This year has been a good time for reading books, but not a good time as far as writing reviews goes and I am way behind. This is the second set of mini reviews in an attempt to catch up with the backlog.
Give Unto Others by Donna Leon 3*
I read this because I’ve read just a few of the Commissario Guido Brunetti crime fiction novels and enjoyed them. This one is described on Goodreads as follows:
The gifted Venetian detective returns in his 31st case – this time, investigating the Janus-faced nature of yet another Italian institution. Brunetti will have to once again face the blurred line that runs between the criminal and the non-criminal, bending police rules, and his own character, to help an acquaintance in danger.
This is an unusual mystery, slow to begin with then gradually gathering pace, as Brunetti unofficially agrees to do Elisabetta Foscarini, an ex-neighbour a favour. She is worried about her daughter’s husband, Enrico Fenzo an accountant, who she fears is in danger. Brunetti enlists the help of his colleagues Griffoni, Vianello, and Signorina Elettra with his investigations. What they uncover is a tangled web surrounding a South American charity that Fenzo had helped Elisabetta’s husband set up, the Belize nel Cuore, providing a hospital and medical services to the poor.
It was entertaining and I enjoyed the descriptions of Venice, just opening up to tourists again after the pandemic. I thought it would have been better as an official police investigation. But it does give an insight into the way charities are set up and can be misused. And there’s a particularly disturbing picture of what dementia can do to a person.
Not Dead Yet by Peter James 4*
I really enjoyed this book, the 8th Roy Grace book. If you’ve been watching the TV adaptation this story was the last one they produced, as usual with adaptations, with several differences from the book. As I’ve said before I prefer the books and this one was very good. This is the summary from Amazon:
The return of a Brighton girl turned movie star spells nothing but trouble for Detective Superintendent Roy Grace in the gripping crime novel Not Dead Yet, by award winning author Peter James.
Gaia Lafayette has a movie to shoot back home and Grace is in charge of her security. Yet when a vicious gangster is released from prison and an unidentifiable headless torso is found, a nightmare unfolds before Grace’s eyes.
An obsessed stalker is after Gaia – and Grace knows that they may be at large in his city, waiting, watching, planning . . .
It’s fast paced, complicated and totally gripping. I loved all the details of the scenes of the filming in Brighton’s Royal Pavilion and also the ongoing story of Roy’s missing wife. Now I’m looking forward to reading the 9th book in the series, Dead Man’s Time.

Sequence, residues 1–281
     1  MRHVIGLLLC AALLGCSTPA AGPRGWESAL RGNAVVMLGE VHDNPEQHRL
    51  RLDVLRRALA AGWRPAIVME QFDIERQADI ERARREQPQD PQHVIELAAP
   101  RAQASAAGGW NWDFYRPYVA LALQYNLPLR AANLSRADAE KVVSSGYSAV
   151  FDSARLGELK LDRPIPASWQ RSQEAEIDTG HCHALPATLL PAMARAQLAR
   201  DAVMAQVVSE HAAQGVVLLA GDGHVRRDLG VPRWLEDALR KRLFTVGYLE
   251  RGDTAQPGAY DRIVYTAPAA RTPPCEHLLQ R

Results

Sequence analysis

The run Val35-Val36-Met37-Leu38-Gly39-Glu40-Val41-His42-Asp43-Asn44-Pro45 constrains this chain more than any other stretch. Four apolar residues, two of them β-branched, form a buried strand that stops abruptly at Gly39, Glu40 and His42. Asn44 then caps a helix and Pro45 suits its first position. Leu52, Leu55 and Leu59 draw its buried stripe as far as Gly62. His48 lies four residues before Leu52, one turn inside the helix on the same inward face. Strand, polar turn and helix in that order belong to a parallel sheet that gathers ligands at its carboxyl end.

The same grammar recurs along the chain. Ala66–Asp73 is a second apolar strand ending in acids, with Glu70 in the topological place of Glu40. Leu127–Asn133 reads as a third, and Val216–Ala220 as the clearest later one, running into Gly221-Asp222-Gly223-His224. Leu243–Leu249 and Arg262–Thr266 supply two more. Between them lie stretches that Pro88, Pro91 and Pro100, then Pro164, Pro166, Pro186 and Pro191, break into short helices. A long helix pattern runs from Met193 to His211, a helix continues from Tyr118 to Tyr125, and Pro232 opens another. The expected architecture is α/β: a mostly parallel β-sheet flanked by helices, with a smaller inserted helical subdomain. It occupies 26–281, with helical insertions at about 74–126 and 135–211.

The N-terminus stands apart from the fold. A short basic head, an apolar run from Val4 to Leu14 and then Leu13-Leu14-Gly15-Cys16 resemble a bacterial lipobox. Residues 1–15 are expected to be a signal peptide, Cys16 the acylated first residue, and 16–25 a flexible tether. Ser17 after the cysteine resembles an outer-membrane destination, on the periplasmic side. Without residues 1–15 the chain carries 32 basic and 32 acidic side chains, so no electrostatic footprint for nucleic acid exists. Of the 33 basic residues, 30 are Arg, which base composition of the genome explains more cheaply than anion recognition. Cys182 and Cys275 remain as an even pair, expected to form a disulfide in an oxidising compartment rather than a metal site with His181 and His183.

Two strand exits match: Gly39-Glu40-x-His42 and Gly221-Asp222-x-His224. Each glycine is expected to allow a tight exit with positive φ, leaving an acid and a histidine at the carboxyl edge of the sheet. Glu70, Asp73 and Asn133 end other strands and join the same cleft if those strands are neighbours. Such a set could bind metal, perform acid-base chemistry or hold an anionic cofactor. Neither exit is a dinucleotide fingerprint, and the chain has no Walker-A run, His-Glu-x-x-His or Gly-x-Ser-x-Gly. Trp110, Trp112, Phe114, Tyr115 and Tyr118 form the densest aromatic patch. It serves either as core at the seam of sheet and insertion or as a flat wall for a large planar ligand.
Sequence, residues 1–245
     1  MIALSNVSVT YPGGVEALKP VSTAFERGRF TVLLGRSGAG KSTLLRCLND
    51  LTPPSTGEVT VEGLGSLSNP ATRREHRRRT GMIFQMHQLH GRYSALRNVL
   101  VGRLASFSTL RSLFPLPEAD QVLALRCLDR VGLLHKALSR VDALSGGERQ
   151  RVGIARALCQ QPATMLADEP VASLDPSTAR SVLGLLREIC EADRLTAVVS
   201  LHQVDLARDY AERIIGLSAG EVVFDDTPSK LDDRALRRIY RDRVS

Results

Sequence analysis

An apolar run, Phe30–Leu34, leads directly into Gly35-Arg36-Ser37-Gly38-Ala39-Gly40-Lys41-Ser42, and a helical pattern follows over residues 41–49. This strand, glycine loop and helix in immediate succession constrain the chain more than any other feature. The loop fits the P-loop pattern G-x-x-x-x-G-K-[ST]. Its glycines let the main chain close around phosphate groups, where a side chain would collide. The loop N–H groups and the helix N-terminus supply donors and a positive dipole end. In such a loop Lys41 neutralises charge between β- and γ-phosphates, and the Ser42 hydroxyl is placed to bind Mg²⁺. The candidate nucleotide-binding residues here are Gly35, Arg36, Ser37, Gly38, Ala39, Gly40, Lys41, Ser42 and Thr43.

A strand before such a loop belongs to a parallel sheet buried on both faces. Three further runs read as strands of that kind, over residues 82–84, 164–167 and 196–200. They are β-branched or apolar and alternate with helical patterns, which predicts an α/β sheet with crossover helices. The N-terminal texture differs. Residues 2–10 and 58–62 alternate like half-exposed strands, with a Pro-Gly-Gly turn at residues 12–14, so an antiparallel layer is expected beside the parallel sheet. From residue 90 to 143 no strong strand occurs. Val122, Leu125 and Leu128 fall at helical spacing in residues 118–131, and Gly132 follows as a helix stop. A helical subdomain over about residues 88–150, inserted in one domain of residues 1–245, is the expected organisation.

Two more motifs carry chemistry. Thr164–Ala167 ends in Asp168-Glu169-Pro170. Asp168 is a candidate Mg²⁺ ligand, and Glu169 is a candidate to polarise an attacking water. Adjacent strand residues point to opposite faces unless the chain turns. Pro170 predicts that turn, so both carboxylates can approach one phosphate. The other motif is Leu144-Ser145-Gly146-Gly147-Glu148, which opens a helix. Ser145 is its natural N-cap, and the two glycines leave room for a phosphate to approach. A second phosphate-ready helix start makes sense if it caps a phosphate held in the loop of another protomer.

Snow Country by Sebastian Faulks 2*
This is the synopsis on Goodreads:
1914: Young Anton Heideck has arrived in Vienna, eager to make his name as a journalist. While working part-time as a private tutor, he encounters Delphine, a woman who mixes startling candour with deep reserve. Entranced by the light of first love, Anton feels himself blessed. Until his country declares war on hers.
1927: For Lena, life with a drunken mother in a small town has been impoverished and cold. She is convinced she can amount to nothing until a young lawyer, Rudolf Plischke, spirits her away to Vienna. But the capital proves unforgiving. Lena leaves her metropolitan dream behind to take a menial job at the snow-bound sanatorium, the Schloss Seeblick.
1933: Still struggling to come terms with the loss of so many friends on the Eastern Front, Anton, now an established writer, is commissioned by a magazine to visit the mysterious Schloss Seeblick. In this place of healing, on the banks of a silvery lake, where the depths of human suffering and the chances of redemption are explored, two people will see each other as if for the first time.
Sweeping across Europe as it recovers from one war and hides its face from the coming of another, SNOW COUNTRY is a landmark novel of exquisite yearnings, dreams of youth and the sanctity of hope. In elegant, shimmering prose, Sebastian Faulks has produced a work of timeless resonance.
I was disappointed by this novel, mainly because I found it quite dull in places, which I hadn’t expected from the synopsis or the 5 and 4 star reviews on both Amazon and Goodreads. The best defined character is Lena, but the others seem rather flat – one dimensional and hard to distinguish. This may, of course, be down to me as I found it rather muddled and I had to keep recapping just to clarify who they were. So, I struggled to read it and eventually lost interest. But I did finish it.